Why don't the Turks expel the Saudi diplomats?

The Saudis murdered journalist Jamal Khashoggi in the Saudi Consulate in Turkey in October.

Turkey has highlighted the incident to bring worldwide condemnation on Saudi Arabia.

But (as far as I understand) the Turks have not ordered the consulate closed, or even expelled any Saudi diplomatic personnel.

I realize there’ll be a tit-for-tat response from the Saudis if they do.

But still - isn’t this such a flagrant abuse of diplomatic privilege that it warrants expulsion and/or closing down the facility?

Under the circumstances, why is it so vital to maintain the exchange of diplomats?

(The British seized and closed down the Libyan Embassy in 1984 - and broke off relations - because someone shot and killed a police officer from the building.)

Probably because the Turks don’t feel the benefits of severing relations outweigh the drawbacks. There’s not going to be a GQ answer to this.

One thought: Would Turkish citizens be able to go on a Hajj if there was not a Saudi embassy around to apply for a visa from? That might be a consideration.

There are special Hajj visas which are often allocated in the Muslim nations via the national Waqf or Habous agency. The Ibn Saud have rarely used those politically as it is very explosive issue. I think they have only restricted them once, for the Iran after the revolution.

However, the Saudis might indeed react in ways to make other religious visas harder, particularly the Oumra (that is the hajj out of the Hajj season). This would be a less explosive tit-for-tat.

If so that may not have been political but based on Shi’ite vs. Sunni.

This is not a factual answer, but I would personally suspect that it’s because they don’t care about the murder. They are using it to affect American policy, not because they actually feel any form of condemnation towards the Saudis. Closing the connection with Saudi Arabia wouldn’t affect the USA, so it’s not on their list of things to do.

Some of the talking heads mentioned that Turkey (at least early on) was being very deliberate on how they phrased their accusations (for diplomatic reasons), e.g. to not blame the crown prince specifically for the murder.

I want to point out that this is not a given, and this is GQ, not GD.

A number of US Senators have stated that it is true, based on their discussions with the head of the CIA, and based on recordings from the room supplied by the Turks. The Saudi Prince also admitted that it happened, though he denied that it was completely premeditated (though, the fact that they were able to dispose of the body makes that seem unlikely).

I think it’s reasonable to say that it is a settled fact.

It could be that Turkish-Saudi relations are actually too bad for such measures. Expelling diplomats is a symbolic measure, and the Turks are beyond that.
The Turkish governments can accept the Saudi government killing people on Saudi soil, but it can never accept the Saudi (or any other government) involved in violent acts in Turkey. No government in the world can accept that. That is just because a government needs to have exclusive control over matters of violence and justice, it is what makes a government, without that exclusive control it would not be a government. The Saudi actions are therefore a direct attack on the Turkish state, and the Turkish state can not leave that unanswered, especially since the Saudi actions are now publicly known.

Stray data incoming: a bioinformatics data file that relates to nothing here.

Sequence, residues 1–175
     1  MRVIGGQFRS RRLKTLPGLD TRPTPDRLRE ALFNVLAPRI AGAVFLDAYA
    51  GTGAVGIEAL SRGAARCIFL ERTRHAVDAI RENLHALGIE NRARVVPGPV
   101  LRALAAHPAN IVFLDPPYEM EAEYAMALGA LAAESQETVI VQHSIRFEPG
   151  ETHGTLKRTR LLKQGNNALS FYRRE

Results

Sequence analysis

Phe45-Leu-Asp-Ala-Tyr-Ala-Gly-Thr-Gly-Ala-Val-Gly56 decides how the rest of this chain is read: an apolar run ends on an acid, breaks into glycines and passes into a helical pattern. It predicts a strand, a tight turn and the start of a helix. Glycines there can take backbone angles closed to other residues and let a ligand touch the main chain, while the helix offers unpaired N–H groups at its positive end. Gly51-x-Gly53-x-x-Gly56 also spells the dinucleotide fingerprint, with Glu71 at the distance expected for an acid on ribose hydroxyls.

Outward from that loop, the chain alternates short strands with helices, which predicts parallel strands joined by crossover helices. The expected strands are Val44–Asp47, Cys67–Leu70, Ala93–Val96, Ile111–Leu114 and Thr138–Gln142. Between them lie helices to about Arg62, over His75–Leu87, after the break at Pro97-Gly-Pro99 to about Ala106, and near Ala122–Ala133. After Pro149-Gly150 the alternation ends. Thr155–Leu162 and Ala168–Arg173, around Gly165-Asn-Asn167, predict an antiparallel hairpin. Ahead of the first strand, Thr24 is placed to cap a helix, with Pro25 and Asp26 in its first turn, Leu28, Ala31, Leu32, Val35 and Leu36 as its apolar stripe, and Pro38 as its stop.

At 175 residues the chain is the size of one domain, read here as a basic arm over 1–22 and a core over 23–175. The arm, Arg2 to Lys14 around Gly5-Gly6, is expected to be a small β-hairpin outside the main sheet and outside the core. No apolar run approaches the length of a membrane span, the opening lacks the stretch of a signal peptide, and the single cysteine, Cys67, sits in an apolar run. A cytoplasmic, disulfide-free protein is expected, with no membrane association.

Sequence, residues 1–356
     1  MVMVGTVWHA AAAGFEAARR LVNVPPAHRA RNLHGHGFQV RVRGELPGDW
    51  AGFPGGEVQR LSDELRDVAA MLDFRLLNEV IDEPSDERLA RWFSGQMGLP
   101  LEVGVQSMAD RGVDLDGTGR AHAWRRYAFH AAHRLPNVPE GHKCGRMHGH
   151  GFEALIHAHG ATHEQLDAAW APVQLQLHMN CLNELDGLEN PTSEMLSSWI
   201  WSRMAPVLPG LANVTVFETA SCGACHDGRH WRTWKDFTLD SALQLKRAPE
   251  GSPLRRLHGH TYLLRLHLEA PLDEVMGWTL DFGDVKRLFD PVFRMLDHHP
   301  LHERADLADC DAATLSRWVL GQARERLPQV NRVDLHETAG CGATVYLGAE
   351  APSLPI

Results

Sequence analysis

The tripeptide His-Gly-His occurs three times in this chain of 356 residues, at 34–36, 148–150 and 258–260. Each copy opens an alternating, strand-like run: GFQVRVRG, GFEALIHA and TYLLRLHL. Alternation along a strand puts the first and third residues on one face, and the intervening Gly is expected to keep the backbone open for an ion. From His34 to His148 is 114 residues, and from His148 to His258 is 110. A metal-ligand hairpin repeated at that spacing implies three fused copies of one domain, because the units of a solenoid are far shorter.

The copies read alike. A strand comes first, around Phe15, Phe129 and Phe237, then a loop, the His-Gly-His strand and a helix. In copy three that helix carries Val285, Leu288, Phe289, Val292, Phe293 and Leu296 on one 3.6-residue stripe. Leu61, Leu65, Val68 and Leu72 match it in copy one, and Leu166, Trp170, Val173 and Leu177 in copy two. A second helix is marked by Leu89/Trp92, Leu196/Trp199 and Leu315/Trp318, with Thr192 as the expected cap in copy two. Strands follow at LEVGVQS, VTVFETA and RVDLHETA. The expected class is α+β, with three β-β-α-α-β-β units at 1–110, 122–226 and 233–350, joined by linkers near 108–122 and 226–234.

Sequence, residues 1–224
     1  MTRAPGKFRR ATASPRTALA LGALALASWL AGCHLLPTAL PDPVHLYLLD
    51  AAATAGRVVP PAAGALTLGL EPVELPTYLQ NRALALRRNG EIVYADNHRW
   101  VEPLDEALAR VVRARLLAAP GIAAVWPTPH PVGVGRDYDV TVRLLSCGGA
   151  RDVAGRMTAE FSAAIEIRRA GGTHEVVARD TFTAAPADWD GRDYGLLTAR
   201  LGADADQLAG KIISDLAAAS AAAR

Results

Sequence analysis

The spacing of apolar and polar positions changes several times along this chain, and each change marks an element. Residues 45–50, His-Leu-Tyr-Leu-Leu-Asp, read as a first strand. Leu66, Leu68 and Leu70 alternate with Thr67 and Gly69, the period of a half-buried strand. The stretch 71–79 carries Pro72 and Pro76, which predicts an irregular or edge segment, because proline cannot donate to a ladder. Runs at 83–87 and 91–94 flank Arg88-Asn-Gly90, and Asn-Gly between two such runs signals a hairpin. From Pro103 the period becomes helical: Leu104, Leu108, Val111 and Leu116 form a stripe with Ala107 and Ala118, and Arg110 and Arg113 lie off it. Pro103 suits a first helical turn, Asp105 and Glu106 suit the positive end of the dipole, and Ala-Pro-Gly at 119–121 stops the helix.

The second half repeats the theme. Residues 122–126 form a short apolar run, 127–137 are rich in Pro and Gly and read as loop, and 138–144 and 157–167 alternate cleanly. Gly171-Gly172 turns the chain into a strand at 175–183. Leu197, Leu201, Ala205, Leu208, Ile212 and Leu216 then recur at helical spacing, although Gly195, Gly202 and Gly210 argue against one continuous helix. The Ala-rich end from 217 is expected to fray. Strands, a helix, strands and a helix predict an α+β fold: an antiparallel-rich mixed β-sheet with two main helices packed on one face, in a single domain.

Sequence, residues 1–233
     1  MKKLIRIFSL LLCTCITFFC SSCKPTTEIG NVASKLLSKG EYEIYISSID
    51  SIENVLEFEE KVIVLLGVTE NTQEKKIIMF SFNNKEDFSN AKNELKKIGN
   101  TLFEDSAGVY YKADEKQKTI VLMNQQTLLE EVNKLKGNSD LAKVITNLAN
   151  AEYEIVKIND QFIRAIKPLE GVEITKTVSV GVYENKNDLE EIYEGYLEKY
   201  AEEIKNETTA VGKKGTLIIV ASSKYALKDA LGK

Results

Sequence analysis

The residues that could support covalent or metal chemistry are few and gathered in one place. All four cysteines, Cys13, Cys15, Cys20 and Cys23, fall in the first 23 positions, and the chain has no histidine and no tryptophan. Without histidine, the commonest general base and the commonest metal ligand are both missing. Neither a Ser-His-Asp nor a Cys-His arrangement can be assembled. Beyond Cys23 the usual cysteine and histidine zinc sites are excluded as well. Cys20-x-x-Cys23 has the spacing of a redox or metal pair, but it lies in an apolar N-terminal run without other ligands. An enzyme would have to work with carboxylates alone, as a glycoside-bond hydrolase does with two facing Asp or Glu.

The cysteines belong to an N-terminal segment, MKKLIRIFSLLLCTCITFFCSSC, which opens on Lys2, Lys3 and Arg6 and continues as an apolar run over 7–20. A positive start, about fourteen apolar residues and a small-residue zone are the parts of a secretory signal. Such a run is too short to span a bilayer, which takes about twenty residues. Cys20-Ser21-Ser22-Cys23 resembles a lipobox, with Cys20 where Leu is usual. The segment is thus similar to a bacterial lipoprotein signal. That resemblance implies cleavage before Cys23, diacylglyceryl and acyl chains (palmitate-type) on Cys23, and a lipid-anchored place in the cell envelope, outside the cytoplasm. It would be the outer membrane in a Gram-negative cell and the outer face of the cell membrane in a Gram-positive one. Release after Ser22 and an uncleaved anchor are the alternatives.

No, it was absolutely not based on Shi’a versus Sunni, it was political with respect to the revolutionary regime.

As the guardians of the two holy sites, the Ibn Saud have taken the access very seriously to avoid backlash, and have not restricted access based on sectarian.


You also forgot to mention he went in and never came out, although a Saudi with a superficial resemblance came out wearing his clothes. A investigative team went in and did not find him or his body but did find a freshly painted room. one of the Saudi team going into the embassy before Kashoggi was allegedly carrying luggage that include a bone saw.
I agree. The Turks’ goal is to make the Saudis look bad to everyone else, especially western voters. This raises their prestige by comparison. As one talking head said, “who would have thought the one driving the condemnation of persecuting a journalist would be the Turkish government?” Only as long as it serves their purposes, of course. There’s no points to be made by expelling the Saudis. That’s a move that’s designed to “teach a lesson” so it doesn’t happen again. The points are made by making them look bad. If they do it again - well, more points to be made in the West.

It is a pretty extreme thing to completely oust an entire embassy staff from a country.

In general embassies are seen as a means to maintain a diplomatic line between two countries. Even two countries that do not like each other. Letting them stay is not in any way saying you agree or condone anything the other side does. It merely accepts the realpolitik fact that they serve a useful purpose and getting rid of them is usually a last step before you are at war with the other side.

I could see them (Turkey) maybe declaring the Saudi ambassador persona non-grata. Sends a message. That one leaves, a new one replaces him/her.